The revenue from the alcoholic drinks market amounted to USD 1,371,385 million in 2020 which is anticipated to reach USD 39.7 billion by the end of 2030.
The Indian alcoholic beverage market represents one of the most compelling spirits opportunities in the world. Being the third largest, after China and Russia, it is estimated to grow at a CAGR of 7.4% during the forecast period of 2017-2030, according to a report published by Goldstein Market Intelligence. However, despite such a high performance, the industry could not escape the wrath of the COVID-19 pandemic which brought it to its knees.
Once perceived to be a recession proof industry, its sales witnessed a 29% decline in the first half of 2020 given that it does not fall under the category of essential commodities, according to figures compiled by industry body Confederation of Indian Alcoholic Beverage Companies (CIABC). As a result, the industry took a heavy blow which had an adverse effect on manufacturing companies, liquor shops and bars/clubs.
Fortunately, the storm died down and a strong revival in sales took place in the second half of 2020 because of which the industry could restrict its overall decline to 9% in the fiscal year 2020-21. Moreover, revenue from the alcoholic drinks market amounted to USD 1,371,385 million in 2020 which is anticipated to reach USD 39.7 billion by the end of 2030.
This quick recovery can be attributed to a rise in needs of in-house entertainment and time out from everyday chores which prompted people to buy liquor in bulk as soon as sales resumed in the country. The festive season further provided impetus to already increasing sales as consumers started celebrating occasions and attending small-scale events.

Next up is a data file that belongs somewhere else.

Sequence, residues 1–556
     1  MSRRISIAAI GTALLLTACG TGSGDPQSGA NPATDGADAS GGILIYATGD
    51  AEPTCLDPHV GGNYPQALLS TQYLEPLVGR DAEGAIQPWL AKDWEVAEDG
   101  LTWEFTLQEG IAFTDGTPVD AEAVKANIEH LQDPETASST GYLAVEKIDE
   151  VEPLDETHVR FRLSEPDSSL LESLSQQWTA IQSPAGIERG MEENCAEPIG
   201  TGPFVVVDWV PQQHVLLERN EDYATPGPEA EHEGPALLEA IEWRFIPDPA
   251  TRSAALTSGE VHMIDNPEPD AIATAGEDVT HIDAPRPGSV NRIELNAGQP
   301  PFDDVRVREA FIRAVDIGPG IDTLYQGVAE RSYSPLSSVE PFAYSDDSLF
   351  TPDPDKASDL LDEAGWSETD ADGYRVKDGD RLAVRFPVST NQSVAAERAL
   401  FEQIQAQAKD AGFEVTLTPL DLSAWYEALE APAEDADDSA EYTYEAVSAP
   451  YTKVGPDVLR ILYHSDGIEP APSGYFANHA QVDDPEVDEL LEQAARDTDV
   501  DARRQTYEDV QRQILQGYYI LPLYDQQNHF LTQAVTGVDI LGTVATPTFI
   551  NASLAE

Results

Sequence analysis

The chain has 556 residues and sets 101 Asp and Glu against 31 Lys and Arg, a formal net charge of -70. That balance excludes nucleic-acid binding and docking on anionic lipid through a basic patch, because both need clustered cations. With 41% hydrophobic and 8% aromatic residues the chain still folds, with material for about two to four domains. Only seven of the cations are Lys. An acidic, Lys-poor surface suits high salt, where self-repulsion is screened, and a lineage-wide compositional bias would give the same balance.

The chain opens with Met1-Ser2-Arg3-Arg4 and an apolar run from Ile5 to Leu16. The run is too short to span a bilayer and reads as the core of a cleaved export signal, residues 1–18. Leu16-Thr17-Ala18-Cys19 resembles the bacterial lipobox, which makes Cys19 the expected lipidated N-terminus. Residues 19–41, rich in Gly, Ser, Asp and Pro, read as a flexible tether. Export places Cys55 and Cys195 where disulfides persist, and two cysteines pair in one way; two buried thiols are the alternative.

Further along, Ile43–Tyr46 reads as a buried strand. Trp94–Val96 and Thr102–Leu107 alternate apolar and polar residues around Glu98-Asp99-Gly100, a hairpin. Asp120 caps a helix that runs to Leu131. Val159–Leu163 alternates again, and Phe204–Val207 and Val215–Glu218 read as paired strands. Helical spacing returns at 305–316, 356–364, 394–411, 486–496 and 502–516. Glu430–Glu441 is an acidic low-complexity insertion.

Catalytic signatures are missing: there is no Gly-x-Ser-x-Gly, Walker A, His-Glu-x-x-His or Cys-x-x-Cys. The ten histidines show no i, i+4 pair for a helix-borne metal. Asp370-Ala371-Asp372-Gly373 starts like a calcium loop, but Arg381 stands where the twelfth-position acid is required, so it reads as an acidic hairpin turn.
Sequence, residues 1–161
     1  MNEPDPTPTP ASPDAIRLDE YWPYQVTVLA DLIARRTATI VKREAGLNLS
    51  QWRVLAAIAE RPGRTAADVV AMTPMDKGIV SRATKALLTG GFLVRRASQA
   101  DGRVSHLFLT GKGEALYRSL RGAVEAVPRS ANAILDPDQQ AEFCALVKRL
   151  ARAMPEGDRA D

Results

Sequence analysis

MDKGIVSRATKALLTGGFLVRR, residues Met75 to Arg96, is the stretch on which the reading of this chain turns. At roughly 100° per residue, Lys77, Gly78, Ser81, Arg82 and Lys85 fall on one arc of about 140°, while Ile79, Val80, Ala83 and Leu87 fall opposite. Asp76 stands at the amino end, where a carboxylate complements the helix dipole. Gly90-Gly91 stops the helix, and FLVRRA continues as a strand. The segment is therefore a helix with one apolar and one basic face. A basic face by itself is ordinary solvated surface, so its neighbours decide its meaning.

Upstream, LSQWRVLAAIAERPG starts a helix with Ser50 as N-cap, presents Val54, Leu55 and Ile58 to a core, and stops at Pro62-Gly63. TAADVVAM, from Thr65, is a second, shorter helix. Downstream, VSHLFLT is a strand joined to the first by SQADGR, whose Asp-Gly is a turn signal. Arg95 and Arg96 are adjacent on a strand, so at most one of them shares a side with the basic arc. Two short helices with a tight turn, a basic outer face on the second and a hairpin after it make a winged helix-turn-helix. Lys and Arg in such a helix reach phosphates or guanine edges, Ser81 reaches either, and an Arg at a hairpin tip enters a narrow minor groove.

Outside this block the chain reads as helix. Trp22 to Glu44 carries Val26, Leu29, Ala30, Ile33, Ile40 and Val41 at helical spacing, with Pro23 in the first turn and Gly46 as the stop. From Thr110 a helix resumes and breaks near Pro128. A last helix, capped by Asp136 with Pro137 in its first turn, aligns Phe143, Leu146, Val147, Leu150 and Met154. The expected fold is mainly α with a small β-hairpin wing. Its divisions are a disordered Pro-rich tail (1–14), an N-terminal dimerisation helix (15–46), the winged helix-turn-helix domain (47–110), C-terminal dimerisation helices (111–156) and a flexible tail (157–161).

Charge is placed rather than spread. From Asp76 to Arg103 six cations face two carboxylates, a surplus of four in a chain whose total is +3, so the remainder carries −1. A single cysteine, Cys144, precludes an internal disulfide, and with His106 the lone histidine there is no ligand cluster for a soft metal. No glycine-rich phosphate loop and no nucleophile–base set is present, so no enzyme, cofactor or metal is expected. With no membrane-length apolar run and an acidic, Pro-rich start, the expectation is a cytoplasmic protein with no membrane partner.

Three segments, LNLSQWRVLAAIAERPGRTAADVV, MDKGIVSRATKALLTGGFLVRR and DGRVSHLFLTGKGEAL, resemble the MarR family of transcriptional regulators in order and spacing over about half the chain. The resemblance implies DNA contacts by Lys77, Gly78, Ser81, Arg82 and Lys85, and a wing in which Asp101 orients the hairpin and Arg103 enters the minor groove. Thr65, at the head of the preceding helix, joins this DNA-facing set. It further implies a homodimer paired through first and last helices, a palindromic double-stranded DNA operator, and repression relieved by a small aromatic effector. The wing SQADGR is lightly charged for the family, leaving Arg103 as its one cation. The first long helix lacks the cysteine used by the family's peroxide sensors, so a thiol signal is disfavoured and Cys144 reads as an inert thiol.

Youth-friendly government interventions
The swift bounce back of the alcohol industry is indicative of its strong and vast consumer base which is increasingly being dominated by the millennial and Gen Z population. “Because of India’s high population growth rate, every year produces 13 million drinking age adults, out of which at least 3-5 million eventually end up consuming alcohol in some way or the other- so its definite that the market is huge for any category of liquor and will grow at a fast pace,” said Desmond Nazareth, Founder and Managing Director of Agave India, an alcohol beverage company focusing on indigenous spirits made to international standards with homegrown raw materials.
In lieu with this trend, the Aam Aadmi Party (AAP) led government in Delhi recentlyinitiated youth-friendly amendments to its excise policy. For starters, in March it lowered the legal drinking age from 25 years to 21 years within the Union Territory, a move welcomed by the capital’s young population and the liquor industry at large (still waiting approval).
Just two months after that, the government announced another amendment which notified the opening up of home delivery of liquor through mobile apps and online web portals across all districts. This key shift certainly struck a chord amongst the tech-savvy millennial drinkers of the Capital who view home delivery as a safer and convenient option to restock their high-end home bars amidst the ongoing pandemic.
Ever young and growing alcohol industry
It’s not just the youngsters, even industry professionals view these change as progressive steps taken by the Delhi government towards the growing liquor market.
Karina Aggarwal, Vice President, Indian Craft Spirit Company, who recently launched an Indian craft gin brand- Terai Gin added to this and said, “This is definitely a well thought-out decision on part of the government. Not just from a sales perspective, but I also feel that this will help change the perception of what it means to socially drink in a country like India.”